PERCEPTIONS AND ILLUSIONS
The process of organizing and interpreting information, enabling us to recognize meaningful objects and events.
Perception allows us to take the sensory information in and make it into something meaningful. Perceptions can vary from person to person due to the fact that everyone has a different level of intellect, different preconceived ideas and ideologies and most importantly different opinions. A particular thing or situation can be perceived differently depending upon the above mentioned factors.
People perceive things differently. We choose to select different aspects of a message to focus our attention based on what interests us, what is familiar to us, or what we consider important. Often, our listening skills could use improvement. Listening and thinking are directly related. Person perception is a very subjective process that can be affected by a number of variables. Factors that can influence the impressions you form of other people include the characteristics of the person you are observing, the context of the situation, your own personal traits, and your past experiences.
Perception of depth and distance : In two dimensional surfaces
Depth perception is the ability to perceive the world in three dimensions (3D) and to judge the distance of objects. Your brain achieves it by processing different pictures from each eye and combining them to form a single 3D image.
Depth perception arises from a variety of depth cues. These are typically classified into binocular cues that are based on the receipt of sensory information in three dimensions from both eyes.
Monocular cues that can be represented in just two Dimensions and observed with just one eye.
Some important monocular cues that in judging the distance and depth in two dimensional surfaces are as follows:
Relative Size : The size of retinal images allows us to judge distance based on past and present experiences with similar objects as the object gets away the retinal image becomes smaller and smaller one tends to perceive an object farther away when it appears small and closer when it appears bigger.
Example – The last tree in the lane appears to be smallest and as the distance decreases , the first one which is near to us , we perceive it as the biggest tree.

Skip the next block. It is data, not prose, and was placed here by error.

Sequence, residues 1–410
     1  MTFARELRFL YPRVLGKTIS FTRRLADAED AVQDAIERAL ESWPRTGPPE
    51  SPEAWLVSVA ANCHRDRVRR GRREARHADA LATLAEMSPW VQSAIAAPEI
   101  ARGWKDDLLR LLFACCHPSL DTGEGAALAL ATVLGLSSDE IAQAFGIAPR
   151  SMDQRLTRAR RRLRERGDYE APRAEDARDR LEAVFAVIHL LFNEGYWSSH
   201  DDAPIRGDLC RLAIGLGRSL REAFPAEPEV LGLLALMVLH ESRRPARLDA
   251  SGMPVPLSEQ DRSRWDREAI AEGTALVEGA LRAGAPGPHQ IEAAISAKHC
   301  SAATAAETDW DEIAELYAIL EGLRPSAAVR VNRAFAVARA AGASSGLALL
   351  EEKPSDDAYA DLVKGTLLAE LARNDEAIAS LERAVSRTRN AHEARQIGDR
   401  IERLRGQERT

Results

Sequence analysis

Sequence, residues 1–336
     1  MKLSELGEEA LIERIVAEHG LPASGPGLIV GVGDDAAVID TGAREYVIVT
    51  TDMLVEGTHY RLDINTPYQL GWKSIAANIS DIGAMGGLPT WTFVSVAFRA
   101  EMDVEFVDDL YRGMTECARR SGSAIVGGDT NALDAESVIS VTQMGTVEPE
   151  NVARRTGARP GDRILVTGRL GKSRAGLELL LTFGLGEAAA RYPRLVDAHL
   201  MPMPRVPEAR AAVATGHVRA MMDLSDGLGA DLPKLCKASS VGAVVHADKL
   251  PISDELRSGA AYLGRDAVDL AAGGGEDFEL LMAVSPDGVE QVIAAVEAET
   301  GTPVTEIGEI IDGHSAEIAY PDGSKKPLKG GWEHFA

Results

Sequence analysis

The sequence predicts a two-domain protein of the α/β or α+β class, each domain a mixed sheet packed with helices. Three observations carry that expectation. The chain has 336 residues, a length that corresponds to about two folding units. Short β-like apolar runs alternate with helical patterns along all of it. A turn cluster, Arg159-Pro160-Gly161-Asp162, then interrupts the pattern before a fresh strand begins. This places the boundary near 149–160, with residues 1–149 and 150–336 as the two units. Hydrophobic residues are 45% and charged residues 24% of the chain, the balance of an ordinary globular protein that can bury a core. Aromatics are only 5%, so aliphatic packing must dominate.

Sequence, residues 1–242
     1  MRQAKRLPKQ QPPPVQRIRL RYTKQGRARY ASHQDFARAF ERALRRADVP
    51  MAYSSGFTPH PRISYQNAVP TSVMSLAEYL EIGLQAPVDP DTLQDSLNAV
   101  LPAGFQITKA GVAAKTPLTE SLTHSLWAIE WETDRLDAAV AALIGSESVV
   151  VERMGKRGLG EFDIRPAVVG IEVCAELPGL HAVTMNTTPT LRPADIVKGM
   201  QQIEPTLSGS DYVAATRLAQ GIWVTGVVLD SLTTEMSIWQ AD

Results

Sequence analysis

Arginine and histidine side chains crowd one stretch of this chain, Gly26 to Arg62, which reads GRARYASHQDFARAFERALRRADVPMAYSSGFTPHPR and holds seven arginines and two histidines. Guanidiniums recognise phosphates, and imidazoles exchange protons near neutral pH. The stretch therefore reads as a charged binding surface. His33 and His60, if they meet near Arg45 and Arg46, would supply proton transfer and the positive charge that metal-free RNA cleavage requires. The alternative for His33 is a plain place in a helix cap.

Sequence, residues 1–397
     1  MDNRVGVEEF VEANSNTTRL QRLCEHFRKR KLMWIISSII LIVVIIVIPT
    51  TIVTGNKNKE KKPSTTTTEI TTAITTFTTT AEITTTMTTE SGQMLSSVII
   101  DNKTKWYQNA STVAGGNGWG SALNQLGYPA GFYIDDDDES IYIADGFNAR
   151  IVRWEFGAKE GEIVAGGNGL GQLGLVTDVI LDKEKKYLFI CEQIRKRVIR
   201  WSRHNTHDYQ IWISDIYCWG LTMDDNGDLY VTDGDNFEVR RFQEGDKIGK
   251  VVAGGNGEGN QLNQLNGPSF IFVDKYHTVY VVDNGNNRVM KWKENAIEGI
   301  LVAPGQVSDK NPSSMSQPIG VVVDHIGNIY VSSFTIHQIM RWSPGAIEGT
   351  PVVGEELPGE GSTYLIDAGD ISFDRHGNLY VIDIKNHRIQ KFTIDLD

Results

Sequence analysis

Overlapping : These cues occur when some portion of the object is covered by another object the overlapped object is considered farther away whereas the object that covers it appears nearer.
Example : Here in this picture we perceive the triangle which is overlapped by the other one , a little far away.
Linear Perspective : This reflects a phenomenon by which distant objects appear to be closer together than the nearer objects for example parallel lines such as rail tracks appear to converge with increasing distance with a vanishing point at the horizon the mode the lines converge the farther away they appear.
System of creating an illusion of depth on a flat surface.
In this example they seem to meet at a point as we go further and further. But they are parallel lines.
Aerial Perspective : The air contains microscopic particles of dust and moisture that make distant objects look hazy or blurry this effect is called idiot perspective for example distant mountains appear blue due to the scratch scattering of blue light in the atmosphere whereas the same mountains are perceived to be closer when the atmosphere is clear.
Light and Shade : In the light some parts of the object get highlight some parts become darker highlights and shadow provide us with the information about an object distance .
Relative Height : Larger objects at received as being closer to the viewer and smaller objects as being farther away when we expect two objects to be the same size and they are not the larger of the two will appear closer and the smaller will appear farther away.
Texture Gradient : It represents phenomena by which the visual field having more density of elements is seen farther away.
As distance increases, a texture gradually becomes denser and less distinct Texture gradient refers to the gradual reduction of detail that occurs in a surface as it recedes into the distance, compared with a surface that is close and perceived in fine detail
Motion Parallel : It is a kinetic monocular cue and hence not considered as a pictorial cue it occurs when objects at different distances move at a different relative speed the object appears to move slowly than the object that is closed the rate of an object movement provides a cue to its distance for example when we travel in a bus closer objects move against the direction of the bus whereas the farther objects move with the direction of the bus.
An illusion is a sensory distortion that can fool a person’s senses. Illusions can involve any of the senses, but visual (optical) illusions are the best understood by science. … Illusions occur when a situation distorts a person’s capacity for depth and motion perception and perceptual constancy.
Some famous illusions are as follows :
• Muller Lyer Illusion :
Here we tend to see 1st line as smallest , middle one as the largest.
But all the lines are of same length , only the arrow changes the perception.
• Optical Illusion
Young lady old lady.
Some perceive this picture as young lady where as in the same picture illusion of an old lady is also there . If you closely notice , the ear of the girl as the eye of the old lady, then you would be able to see the other perspective also.
The illusion is a classic optical illusion named after its discoverer, German astrophysicist Johann Karl Friedrich Zöllner.
A visual illusion in which parallel lines appear to diverge when one of the lines is intersected by short diagonal lines slanting in one direction, and the other by lines slanting in the other direction. [ Johann Karl Friedrich Zöllner)
Rabbit or Duck ??
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